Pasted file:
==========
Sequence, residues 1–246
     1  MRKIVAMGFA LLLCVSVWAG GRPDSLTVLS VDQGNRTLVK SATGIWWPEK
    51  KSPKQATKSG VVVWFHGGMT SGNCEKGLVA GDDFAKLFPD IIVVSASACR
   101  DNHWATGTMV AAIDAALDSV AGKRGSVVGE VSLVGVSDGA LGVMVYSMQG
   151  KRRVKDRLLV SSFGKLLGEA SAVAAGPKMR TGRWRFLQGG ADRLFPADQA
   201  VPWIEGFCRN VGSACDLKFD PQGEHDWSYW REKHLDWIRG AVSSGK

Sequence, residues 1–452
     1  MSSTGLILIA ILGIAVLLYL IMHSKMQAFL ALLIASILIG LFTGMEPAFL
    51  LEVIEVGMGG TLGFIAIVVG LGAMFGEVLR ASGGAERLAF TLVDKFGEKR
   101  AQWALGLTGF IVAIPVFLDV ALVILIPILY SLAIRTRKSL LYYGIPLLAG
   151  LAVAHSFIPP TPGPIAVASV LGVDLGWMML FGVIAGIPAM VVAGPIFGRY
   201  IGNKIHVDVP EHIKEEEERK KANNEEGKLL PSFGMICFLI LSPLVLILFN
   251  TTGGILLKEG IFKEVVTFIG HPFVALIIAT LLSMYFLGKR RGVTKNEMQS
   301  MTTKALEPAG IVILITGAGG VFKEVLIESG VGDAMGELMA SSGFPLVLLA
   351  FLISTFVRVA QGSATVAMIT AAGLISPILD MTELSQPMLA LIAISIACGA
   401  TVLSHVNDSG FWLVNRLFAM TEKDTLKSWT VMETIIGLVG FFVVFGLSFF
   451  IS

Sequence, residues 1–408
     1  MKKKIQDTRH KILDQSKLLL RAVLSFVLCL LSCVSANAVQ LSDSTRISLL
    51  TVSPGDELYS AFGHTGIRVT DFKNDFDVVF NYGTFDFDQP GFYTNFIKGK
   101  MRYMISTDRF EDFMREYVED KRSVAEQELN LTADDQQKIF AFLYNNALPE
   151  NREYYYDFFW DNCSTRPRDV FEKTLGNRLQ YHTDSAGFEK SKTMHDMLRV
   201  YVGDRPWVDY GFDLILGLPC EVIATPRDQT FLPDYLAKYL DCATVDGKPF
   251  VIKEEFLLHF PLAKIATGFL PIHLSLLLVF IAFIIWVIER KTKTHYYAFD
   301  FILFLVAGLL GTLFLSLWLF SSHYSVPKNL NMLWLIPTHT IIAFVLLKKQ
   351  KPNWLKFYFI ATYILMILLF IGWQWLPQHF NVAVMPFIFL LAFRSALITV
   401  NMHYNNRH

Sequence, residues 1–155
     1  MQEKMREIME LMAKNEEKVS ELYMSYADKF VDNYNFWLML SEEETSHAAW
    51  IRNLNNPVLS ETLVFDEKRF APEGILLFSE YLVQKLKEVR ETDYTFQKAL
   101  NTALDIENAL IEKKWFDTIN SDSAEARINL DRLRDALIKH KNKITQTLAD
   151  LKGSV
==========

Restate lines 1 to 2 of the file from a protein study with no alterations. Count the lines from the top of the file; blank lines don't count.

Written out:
Sequence, residues 1–246
     1  MRKIVAMGFA LLLCVSVWAG GRPDSLTVLS VDQGNRTLVK SATGIWWPEK